“WE UPDATE OUR HOUZZ PROFILE EVEN BEFORE WE UPDATE OUR OWN WEBSITE.” nities. They kept heading west: By 2001 they were in Silicon Valley, where Cohen wound up running engineering teams at eBay that worked on everything from monetization strategies to application programming interfaces, or APIs, which make it easier for outsiders to work with eBay’s data. Tatarko’s ambitions took a backseat: Her first son was born in 2002; another followed in 2006. She worked part-time for Commonwealth Financial, coaching clients on how to manage their money. The idea for Houzz emerged from the couple’s three-year struggle to get their own home renovation organized properly. They were amazed, and then fiercely motivated, by the fact that even after a 15-year stampede of consumer Internet startups nobody online had solved such a big, common need. Penny-pinchers by nature, they allotted just $2,000 a month for the task. He worked next to the kitchen, coding the site. She drummed up content, coaxing a former Sunset magazine editor to join her. In an early chat Tatarko scrunched down on a beanbag chair and spelled out the site’s guiding philosophy: “Be welcoming. Don’t hunt for one official sense of taste. Stay away from celebrity homes. This isn’t about unrealizable fantasies. It’s a site where users can see realistic ideas for their own homes.” Houzz became an explorer’s haven, letting jittery homeowners browse as long as they choose, gradually sharpening their tastes and budgets until they could say with confidence: “Here’s what we want.” While traffic originally came mostly from the Bay 88 | FORBES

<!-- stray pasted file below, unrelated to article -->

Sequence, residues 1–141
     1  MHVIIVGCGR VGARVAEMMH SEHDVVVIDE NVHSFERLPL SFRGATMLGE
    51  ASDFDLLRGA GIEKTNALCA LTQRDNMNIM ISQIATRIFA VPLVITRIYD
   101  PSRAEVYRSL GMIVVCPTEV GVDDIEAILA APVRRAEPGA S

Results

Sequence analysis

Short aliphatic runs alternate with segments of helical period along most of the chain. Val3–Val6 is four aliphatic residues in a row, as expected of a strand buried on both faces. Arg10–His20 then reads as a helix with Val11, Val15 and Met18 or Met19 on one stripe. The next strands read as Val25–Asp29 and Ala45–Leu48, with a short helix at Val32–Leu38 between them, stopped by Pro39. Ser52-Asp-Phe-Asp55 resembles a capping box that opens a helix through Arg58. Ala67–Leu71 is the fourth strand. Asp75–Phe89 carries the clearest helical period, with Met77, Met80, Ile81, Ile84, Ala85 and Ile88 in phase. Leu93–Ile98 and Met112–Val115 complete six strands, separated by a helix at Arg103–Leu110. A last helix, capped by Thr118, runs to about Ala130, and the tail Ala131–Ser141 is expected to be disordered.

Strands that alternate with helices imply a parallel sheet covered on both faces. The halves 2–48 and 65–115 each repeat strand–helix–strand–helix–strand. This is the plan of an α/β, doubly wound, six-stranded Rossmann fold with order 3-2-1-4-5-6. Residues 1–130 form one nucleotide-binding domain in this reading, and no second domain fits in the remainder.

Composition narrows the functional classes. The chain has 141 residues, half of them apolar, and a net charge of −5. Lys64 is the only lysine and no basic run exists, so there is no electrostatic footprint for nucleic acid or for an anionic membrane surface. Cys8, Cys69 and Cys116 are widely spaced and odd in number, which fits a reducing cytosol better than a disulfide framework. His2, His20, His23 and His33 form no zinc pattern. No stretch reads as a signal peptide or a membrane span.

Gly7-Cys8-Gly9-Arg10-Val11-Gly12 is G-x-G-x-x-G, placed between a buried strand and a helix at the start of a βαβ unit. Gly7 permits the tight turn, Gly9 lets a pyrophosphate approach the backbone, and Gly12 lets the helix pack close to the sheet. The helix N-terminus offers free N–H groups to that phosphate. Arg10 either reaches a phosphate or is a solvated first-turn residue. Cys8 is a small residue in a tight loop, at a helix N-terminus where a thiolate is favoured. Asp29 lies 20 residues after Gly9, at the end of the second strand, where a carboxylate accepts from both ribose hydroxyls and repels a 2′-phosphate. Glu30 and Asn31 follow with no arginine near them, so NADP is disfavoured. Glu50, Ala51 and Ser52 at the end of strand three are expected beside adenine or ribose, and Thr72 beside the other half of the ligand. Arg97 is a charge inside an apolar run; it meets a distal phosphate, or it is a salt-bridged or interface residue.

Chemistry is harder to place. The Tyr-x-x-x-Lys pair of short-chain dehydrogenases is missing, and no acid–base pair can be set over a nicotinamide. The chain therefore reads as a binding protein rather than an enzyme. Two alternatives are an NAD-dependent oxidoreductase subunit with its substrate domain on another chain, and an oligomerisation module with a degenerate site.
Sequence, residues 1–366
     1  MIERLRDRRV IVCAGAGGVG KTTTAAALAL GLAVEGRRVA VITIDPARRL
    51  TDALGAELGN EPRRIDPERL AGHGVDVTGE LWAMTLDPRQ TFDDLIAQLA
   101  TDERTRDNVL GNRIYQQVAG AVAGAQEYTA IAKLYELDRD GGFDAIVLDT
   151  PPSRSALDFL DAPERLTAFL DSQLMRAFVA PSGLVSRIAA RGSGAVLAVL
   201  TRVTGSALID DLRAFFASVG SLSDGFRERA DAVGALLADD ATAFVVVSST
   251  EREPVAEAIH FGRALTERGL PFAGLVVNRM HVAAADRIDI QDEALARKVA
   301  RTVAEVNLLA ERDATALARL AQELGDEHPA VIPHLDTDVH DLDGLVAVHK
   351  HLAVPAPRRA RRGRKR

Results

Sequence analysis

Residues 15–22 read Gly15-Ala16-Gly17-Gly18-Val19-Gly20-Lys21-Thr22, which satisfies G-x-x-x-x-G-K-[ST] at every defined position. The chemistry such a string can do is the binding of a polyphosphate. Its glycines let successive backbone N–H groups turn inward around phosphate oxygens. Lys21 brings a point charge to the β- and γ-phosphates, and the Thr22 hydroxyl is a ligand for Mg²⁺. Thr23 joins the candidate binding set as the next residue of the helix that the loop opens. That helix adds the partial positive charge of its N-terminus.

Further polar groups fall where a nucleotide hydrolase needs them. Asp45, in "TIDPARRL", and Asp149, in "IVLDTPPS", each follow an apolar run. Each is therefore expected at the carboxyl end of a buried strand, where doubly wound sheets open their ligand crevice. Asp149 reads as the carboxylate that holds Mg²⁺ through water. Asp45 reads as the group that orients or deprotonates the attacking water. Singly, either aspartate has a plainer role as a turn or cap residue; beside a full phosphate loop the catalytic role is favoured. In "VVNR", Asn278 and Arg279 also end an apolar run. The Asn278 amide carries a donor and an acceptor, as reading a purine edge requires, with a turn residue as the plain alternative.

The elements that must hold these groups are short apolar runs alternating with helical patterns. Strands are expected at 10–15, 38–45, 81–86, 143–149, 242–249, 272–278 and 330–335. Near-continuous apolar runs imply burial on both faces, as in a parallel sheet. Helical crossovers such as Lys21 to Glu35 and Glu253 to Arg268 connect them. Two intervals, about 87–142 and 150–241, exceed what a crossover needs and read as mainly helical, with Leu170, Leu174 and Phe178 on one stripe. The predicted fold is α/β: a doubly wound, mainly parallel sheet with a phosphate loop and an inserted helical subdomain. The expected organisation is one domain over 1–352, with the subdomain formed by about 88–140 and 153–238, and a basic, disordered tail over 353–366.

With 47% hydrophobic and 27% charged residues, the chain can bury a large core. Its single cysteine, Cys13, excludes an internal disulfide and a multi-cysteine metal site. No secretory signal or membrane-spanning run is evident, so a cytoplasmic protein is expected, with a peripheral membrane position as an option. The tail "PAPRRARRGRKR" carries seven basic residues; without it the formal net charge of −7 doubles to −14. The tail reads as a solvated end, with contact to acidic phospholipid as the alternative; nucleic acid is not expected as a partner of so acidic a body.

NOVEMBER 3, 2014